Became the mock of his associates.
A mock battle.
Was mocked for contradicting himself; mocked her superficial understanding of the issues.
The filling of mock apple pie tastes as if it contains apples.
When you point out how silly and stupid someone's answer is, this is an example of when you mock the person.
When you impersonate your teacher who you don't like in order to get laughs, this is an example of when you mock your teacher.
Mocked his high-pitched voice.
A whistle that mocks the call of seabirds.
A mock battle.
The impregnable fortress mocked the invaders.
They mocked at the idea.
A knock-off of a designer purse is an example of a mock purse.
A trial that is practice for the real trial is an example of a mock trial.
- To subject to ridicule; mock.
Other Word Forms
Idioms and Phrasal Verbs
Origin of mock
- Middle English mokken from Old French mocquer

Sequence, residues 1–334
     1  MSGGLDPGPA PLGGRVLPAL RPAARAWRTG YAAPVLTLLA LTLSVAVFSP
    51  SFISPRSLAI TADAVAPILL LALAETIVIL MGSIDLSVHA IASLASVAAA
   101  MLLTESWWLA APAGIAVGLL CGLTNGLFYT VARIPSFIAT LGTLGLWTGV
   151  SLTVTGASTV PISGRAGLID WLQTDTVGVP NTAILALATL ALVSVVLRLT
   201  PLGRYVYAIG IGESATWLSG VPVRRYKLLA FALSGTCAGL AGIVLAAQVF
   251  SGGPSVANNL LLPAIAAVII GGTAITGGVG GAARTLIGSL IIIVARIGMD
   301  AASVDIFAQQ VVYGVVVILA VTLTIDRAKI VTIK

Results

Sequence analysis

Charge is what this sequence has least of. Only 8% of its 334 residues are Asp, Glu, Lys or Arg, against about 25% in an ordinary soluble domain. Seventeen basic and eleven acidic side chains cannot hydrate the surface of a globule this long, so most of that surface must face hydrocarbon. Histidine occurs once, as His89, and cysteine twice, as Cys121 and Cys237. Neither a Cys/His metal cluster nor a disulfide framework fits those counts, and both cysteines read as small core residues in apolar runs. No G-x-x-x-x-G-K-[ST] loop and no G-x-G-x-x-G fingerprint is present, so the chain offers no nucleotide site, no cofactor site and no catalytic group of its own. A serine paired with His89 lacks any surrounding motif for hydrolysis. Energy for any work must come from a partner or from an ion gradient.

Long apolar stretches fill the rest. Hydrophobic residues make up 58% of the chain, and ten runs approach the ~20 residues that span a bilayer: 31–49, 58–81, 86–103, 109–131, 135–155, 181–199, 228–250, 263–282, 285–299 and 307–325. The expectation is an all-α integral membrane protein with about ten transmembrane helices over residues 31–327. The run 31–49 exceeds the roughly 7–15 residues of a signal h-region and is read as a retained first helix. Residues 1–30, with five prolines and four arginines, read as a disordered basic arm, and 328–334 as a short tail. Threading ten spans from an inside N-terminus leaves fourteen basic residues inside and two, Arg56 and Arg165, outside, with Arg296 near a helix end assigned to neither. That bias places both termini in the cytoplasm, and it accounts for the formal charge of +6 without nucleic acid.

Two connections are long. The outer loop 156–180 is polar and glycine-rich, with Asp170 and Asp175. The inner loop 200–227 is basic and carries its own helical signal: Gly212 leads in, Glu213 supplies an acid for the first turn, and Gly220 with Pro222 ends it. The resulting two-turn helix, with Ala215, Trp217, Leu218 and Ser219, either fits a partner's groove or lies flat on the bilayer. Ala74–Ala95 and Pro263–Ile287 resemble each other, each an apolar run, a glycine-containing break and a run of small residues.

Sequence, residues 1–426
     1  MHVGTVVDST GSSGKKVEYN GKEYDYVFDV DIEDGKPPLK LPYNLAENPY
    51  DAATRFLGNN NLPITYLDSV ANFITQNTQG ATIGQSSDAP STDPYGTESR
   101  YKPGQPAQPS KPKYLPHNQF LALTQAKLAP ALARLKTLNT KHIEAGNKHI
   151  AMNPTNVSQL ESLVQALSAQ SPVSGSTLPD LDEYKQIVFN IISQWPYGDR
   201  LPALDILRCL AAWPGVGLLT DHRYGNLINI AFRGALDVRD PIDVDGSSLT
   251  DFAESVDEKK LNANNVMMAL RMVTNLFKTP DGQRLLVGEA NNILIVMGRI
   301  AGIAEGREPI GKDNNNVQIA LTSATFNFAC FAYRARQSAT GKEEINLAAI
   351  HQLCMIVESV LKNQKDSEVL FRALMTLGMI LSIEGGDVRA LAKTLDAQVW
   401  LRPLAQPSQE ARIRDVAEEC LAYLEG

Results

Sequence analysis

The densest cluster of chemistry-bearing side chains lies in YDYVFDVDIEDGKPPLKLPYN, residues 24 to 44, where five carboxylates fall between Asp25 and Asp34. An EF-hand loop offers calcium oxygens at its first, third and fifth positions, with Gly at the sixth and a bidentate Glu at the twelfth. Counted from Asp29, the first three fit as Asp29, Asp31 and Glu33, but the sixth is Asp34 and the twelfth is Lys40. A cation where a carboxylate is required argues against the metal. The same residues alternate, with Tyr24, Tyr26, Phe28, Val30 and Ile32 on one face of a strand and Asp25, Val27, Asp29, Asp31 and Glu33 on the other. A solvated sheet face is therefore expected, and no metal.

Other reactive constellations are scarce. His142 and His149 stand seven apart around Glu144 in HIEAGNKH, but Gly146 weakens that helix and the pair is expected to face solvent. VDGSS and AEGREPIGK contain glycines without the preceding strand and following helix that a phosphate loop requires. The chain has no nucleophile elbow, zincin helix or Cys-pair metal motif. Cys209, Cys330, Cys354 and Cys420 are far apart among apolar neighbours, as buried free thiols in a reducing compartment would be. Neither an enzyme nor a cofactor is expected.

From American Heritage Dictionary of the English Language, 5th Edition
- From Middle English mokken, from Middle French mocquer (“to deride, jeer"), from Middle Dutch mocken (“to mumble") or Middle Low German mucken (“to grumble, talk with the mouth half-opened"), both from Old Saxon *mokkian, *mukkian (“to low, mumble"), from Proto-Germanic *mukkijanÄ…, *mÅ«hanÄ… (“to low, bellow, shout"), from Proto-Indo-European *mÅ«g-, *mÅ«k- (“to low, mumble"). Cognate with Old High German firmucken (“to be stupid"), Modern German mucksen (“to utter a word"), Dutch dialectal mokkel (“kiss").